(August 24, 2010)
Contact: Rick DelaHaya, Centenary News Services, 318.869.5073
Centenary Students Design Android™ Application; Launch Pherophone
SHREVEPORT, La. (Centenary News Service) —With just a few taps on her cell phone, Centenary College mathematics major Kathryn Hardey can "drop" real time messages from her current position, notifying others of a garage sale, a hot spot for lunch or even a traffic detour all with a mobile application she helped designed.
Members of the Catahoula Coders developed a new application for mobile phones using the Android operating system that allows users to "drop" information about their current location. Team members include (L-R) Jacob Jennings, Nolan Baker, Kathryn Hardey and Dr. Mark Goadrich.
Hardey, a junior from Shreveport majoring in mathematics with a computational concentration, is a part of a group of Centenary students designing apps, a field that is growing with the popularity of "smart phones," with this present app ending up in the Google Android™ market.
Members of the group known as the "Catahoula Coders" developed Pherophone over the summer months, an application that lets its users leave time-sensitive messages at specific GPS coordinates with their phones for others to find. Users can "drop" messages at their current location, letting others know of events, or sniff" out local messages left by other Android™ users. Drops can be highly concentrated of widely dispersed, and travel fast or slow, spreading up to 15 miles per hour.
"Programming mobile applications is a perfect way to teach students to harness the enormous computing power present in their everyday lives," said Dr. Mark Goadrich, assistant professor of computer science and Broyles Eminent Scholars Chair of computational mathematics. "The Android platform in particular is ripe for research into ways to boost the "smarts" of today's smartphones. Unlike Twitter and Facebook, where you follow various people and friends, with Pherophone we wanted to create a way to communicate anonymously based on location, and see what kind of tools we can offer to foster self-organizing behaviors among people as seen in ants, termites and other social insects."
According to Dr. Goadrich, the application is actually modeled after the way insects communicate in the natural world. Using pheromones, ants and other insects organize paths and warn of dangers by a process known as stigmergy. In computer science, this general method has been applied in a variety of techniques called ant colony optimization, which search for solutions to complex problems by depositing "virtual pheromones" along paths that appear promising. This process is now used in artificial intelligence for many optimization problems, with Pherophone taking this decentralized, indirect communication to today's smartphones.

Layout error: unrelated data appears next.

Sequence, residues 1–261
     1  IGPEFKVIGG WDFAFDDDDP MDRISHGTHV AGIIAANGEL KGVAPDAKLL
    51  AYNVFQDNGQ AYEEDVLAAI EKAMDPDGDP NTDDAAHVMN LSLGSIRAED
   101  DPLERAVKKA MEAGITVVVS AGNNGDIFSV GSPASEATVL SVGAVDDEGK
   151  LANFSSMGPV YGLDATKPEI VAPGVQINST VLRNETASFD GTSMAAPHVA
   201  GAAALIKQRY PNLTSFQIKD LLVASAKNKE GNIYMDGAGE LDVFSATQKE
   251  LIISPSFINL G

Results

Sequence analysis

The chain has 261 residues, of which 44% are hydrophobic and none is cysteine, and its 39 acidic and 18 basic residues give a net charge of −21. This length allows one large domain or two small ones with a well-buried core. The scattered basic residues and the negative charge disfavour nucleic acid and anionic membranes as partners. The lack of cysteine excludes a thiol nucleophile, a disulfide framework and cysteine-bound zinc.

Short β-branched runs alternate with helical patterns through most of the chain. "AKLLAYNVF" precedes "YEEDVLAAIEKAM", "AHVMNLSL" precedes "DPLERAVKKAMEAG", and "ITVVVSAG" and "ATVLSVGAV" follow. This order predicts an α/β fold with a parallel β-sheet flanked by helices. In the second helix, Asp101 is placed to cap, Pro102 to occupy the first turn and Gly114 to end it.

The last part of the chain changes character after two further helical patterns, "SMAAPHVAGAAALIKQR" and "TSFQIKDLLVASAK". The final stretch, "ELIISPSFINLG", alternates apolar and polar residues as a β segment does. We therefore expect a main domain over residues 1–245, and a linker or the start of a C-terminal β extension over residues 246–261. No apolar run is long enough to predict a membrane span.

"We set out on a summer adventure to humor Dr. Goadrich's crazed musings," said Jacob Jennings, a junior mathematics and German major with a minor in computer science, and one of the Catahoula Coders. "As the idea came to fruition, we realized he actually wasn't a crazy computer scientist after all; he just really likes ants. With enough people, we could have one sick game of Marco Polo."
Pherophone now enters the application market and is one of more than 70,000 games and applications available according to AndroLib.com, a search engine for Google Android applications. To date, there have been more than 1,000 downloads of the application and used all over the world. The program has also received 4.27 out of 5 stars by users.
Along with Hardey and Jennings, the final member of the "Catahoula Coders" (aptly named for the Catahoula mascot of the College) is Nolan Baker, a senior mathematics major and computer science minor. The group will continue putting their math and computer skills to work, and planning to program with Android in Java for the spring 2011 Data Structures and Algorithms course.
"Working on the Pherophone app was a great learning experience," said Hardey. "It was a fun way to discover the work which goes into creating smartphone apps."
About Centenary College of Louisiana
Centenary College is a private, four-year arts and sciences college affiliated with the United Methodist Church. Founded in 1825, it is the oldest chartered liberal arts college west of the Mississippi River and is accredited by the Southern Association of Colleges and Schools. Centenary is one of 16 colleges and universities constituting the Associated Colleges of the South and has been recognized as "One of the Best 373 Colleges" by the Princeton Review and one of "America's Best Colleges" by Forbes.com. In 2008 Centenary College celebrated 100 years in Shreveport and Bossier City.